I stare at my canvas, a blank document, running my fingers across the letters like keys on a piano. The familiar feeling of anxiety greets me. He’s the ghost that haunts my writing, a constant reminder that banal words and stale sentences are unacceptable. I felt this strain before DJBooth, before RefinedHype, back when I was writing rap reviews for a rock website. Even back then I wanted my name to be synonymous with great writing more than anything. I wanted to be remembered for being someone that brought something memorable with each article. With each release I thought Complex would hunt me down, shower me with praise and a job. They didn’t. Where was Fader? Where was The Source? I was Kanye on "Touch The Sky," dealing with an internal crisis, wondering damn, these writers really that much better than me?
Bukowski once said, “Baby I’m a genius but nobody knows it but me,” summing up the feelings of every creative person to ever live. I’ve never met an artist that didn’t see his expression as something God given, something meant to be shared and acknowledged by the world. Everyone from trap rappers to acrylic painters want to be recognized, want to be adored for their craft, but few will openly admit this natural emotion. I care too much, a confession that I wouldn’t share with a preacher or Pope. Stop bitching, stop moaning, is what they would say. Yelling how great and talented you are will only attract a mob holding up “be humble” and “be patient” banners, and those will be the nice banners. Your confidence, this seemingly uncontrollable passion to get your work out into the world, will be perceived as egotistical and arrogant, you'll be labeled as conceited. You will be labeled as Wale.
Lil Wayne on the "Nike Boots (Remix)" was my introduction to Wale. That’s back when a new Wayne feature was hitting blogs every week, a voracious streak of verses, but I was stuck on this one specifically. Even though Wayne’s heads and tails double entendre is immaculate, it was Wale’s wordplay that really caught my attention. You can tell when rappers care about each bar, making sure each line hits listeners like a locomotive. I can imagine him sitting down filling notebooks full of lyrics. Writing is an art, and that song introduced an emcee that cared about what he was saying.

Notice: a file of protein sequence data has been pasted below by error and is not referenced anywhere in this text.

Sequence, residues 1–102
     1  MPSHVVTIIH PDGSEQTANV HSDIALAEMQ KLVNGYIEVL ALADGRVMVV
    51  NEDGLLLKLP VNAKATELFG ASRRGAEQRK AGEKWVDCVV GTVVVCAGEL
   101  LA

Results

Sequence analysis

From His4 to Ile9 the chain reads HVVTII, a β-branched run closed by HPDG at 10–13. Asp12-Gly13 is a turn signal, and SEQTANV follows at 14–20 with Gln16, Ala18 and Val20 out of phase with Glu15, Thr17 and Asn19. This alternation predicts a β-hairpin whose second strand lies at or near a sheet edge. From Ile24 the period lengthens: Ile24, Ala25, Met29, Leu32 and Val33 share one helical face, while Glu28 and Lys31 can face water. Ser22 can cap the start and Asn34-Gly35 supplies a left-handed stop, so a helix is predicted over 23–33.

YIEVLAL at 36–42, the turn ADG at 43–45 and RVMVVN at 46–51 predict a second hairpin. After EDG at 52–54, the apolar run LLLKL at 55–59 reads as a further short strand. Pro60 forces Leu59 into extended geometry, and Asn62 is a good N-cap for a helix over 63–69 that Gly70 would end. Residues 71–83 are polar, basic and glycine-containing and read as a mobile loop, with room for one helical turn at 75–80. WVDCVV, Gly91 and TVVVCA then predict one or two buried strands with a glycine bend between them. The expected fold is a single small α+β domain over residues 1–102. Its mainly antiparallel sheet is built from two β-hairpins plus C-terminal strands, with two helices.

Lyricism isn’t the only thing Wale cared about. As the years have flipped by it's become inescapably clear that he also wants everything that the best deserves: accolades on accolades, platinum plaques, 5 mics in The Source, the top of every list, universal respect from critics, peers and the people in general. I never thought Wale was the best rapper, but he was one of the most passionate. He has the competitive spirit of a gladiator. The same publications I hoped would some day hire me to write for them were the same publications he wanted to deem him elite after every album.
“I was depressed not being where I wanna be in my career when I’ve put the work in. I wasn’t sleeping. I was drinking all day and didn’t have anyone to go to. I couldn’t fight it.” - Wale, Billboard interview
It wasn’t until I read his interview with Billboard that I realized Wale is simply Kanye without the critical acclaim. Not neccesarily in the sense of talent, but desire. What kind of monster would Ye be if College Dropout and Late Registration weren’t successful? If the pink Polo and soul samples fell to deaf ears and he got dropped from The Roc, where would Ye be? Kanye needs the recognition, the applause, in some ways he even needs the hate; it feeds that creative beast that needs an outlet. And now that he's largely conquered music, Kanye now seems intent on prying some respect out of the fashion world's hands; any world not recognizing his greatness is the world he most wants recognition from. Shades of Wale at every turn.